The second day of Cannabis Europa London 2023 began with a look back at the early beginnings of the cannabis business, following an engaging first day of panels centered on the sector’s future.
Raphael Mechoulam, the ‘Father of Cannabis Research,’ who passed away in March at the age of 92, was honoured before the opening session of the Barbican’s theatre by regulatory expert Esther Farkash. She described how Professor Mechoulam, who spent 60 years researching cannabis and the endocannabinoid system, started his illustrious career by connecting with officers at the local police station, who provided him 5 kg of cannabis from the evidence room to start his research. “This is why we understand THC and CBD today,” said Ms. Farkash. Following his conclusion that there must be a “built-in system in our body that reacts so strongly to these compounds,” he spent the next 30 years studying the endocannabinoid system, publishing over 700 papers for some of the finest scientific journals in the world, and formulating the rules for how patients should be treated with medical cannabis. “I would like to finish with a sentence he used to mention time and again: ‘Modulating the endocannabinoid system may have therapeutic potential to treat all forms of diseases’. Thank you all for continuing his work and vision.”
The day concluded with a lecture by Professor David Nutt, another pioneer in the cannabis sector, who provided the audience with an inside look at the ground-breaking Project Twenty21 project run by Drug Science. Prof. Nutt described the ‘truly remarkable’ results of a three-year study exploring the impact of regular cannabis usage on a number of particular diseases and on the patients’ general wellness that involved almost 3,000 participants. After three months of consistent use, patients’ baseline reported overall health indicators significantly improved, with almost 50% of those with chronic pain and another 41% of those with mental illnesses like anxiety experienced improvements.
Reports of depression-related symptoms significantly dropped, “easily as much as antidepressants,” while improvements in sleep quality were likewise “highly significant” and patients’ self-reported anxiety measurements nearly halved. “That is massive. I doubt if any trial on anxiety has had an effect size that big.” Patients who suffer from chronic pain and PTSD also noted a significant improvement, which is “very, very satisfying for patients.” Additionally, patients who were already employing opiates to treat their health related issues, noticed a marked decrease in their consumption – with the milligram morphine equivalent (MME) starting dose falling from 44 mg to 19 mg. “We didn’t direct any alterations in medication. I want to emphasise that these are patients that are choosing not to use opiates. And this is untargeted. It’s almost certain we could do better if we made the effort. I think now this is evidence enough to warrant proper systematic assessment because the evidence we’ve provided for tolerability and efficacy is unquestionably outstanding.” – Professor David Nutt.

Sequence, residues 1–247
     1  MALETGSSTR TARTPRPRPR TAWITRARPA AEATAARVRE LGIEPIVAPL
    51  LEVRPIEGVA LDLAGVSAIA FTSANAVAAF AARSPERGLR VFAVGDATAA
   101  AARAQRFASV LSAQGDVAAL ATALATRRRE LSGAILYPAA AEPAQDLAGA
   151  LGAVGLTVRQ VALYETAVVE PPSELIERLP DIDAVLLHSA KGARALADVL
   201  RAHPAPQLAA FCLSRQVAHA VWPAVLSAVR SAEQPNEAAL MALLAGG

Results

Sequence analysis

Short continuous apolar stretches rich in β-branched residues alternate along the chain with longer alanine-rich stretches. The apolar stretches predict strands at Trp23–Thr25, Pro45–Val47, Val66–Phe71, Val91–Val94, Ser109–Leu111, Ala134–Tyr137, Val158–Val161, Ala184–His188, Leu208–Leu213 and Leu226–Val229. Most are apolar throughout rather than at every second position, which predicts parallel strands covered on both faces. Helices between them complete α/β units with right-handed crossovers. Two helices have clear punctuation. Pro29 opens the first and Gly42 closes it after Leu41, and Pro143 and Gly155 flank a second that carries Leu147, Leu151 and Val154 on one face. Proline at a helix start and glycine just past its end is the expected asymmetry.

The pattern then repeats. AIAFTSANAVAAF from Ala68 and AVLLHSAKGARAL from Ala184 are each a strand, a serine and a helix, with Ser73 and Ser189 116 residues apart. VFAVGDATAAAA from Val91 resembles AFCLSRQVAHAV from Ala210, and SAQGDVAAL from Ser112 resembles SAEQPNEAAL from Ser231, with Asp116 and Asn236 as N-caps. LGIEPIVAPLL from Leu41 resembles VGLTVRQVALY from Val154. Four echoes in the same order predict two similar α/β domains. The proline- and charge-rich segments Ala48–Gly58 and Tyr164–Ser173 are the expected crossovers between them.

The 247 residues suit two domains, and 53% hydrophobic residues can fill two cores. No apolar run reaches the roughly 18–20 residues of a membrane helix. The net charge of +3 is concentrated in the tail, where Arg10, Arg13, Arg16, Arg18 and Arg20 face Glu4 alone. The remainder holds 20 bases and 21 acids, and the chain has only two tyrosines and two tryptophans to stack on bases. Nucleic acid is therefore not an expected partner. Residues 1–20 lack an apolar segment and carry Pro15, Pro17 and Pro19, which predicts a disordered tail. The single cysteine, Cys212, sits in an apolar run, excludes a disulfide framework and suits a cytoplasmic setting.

Day two’s agenda included a panel of specialists who spoke in-depth on cannabis’ ability to treat lengthy COVID, a condition that is anticipated to impact 2 million people in the UK by January 2023. Hannah Thurgur, a senior research officer at Drug Science, began by detailing that the six-month phase-two feasibility study’s primary goal was to determine the safety of treating these patients with a CBD-dominant compound. It also sought to investigate the impact of cannabis on the patients’ quality of life, fatigue, depression, and anxiety. Albeit the sample size of 12 participants was “smaller than we would have liked,” the decrease in symptoms (even after coming off the cannabis medicines) showed promise, she said. Founder and Medical Director of the London Resilience Clinic Dr Dani Gordon said: “At least you have set the groundwork for someone else to come in and do the next phase of this study. These things are so bureaucratic, so this is a really important piece of work.” Dr. Gordon continued by saying that she had discovered that using cannabis to treat chronic fatigue as part of an integrated medicine strategy was conducive in encouraging patients to stay on track with their treatment programmes. “If we can get them a little bit more energy, then they can engage with the rest of the programme. Cannabis is a catalyst for them to engage with the next steps of their programme. Cannabis is the only thing I have found that can do this.” The discussion on the types of research undertaken on medicinal cannabis, its price, and its worth to patients and the medical community started at this session and continued throughout the day. Although it was suggested that some of the speakers discounted real-world evidence in favour of RCTs, Ms. Thurgur argued that is “real value in trying to see how more reflective representative populations of patients respond to different types of cannabis-based products, as well as being able to have this more personalised approach to that diversity”.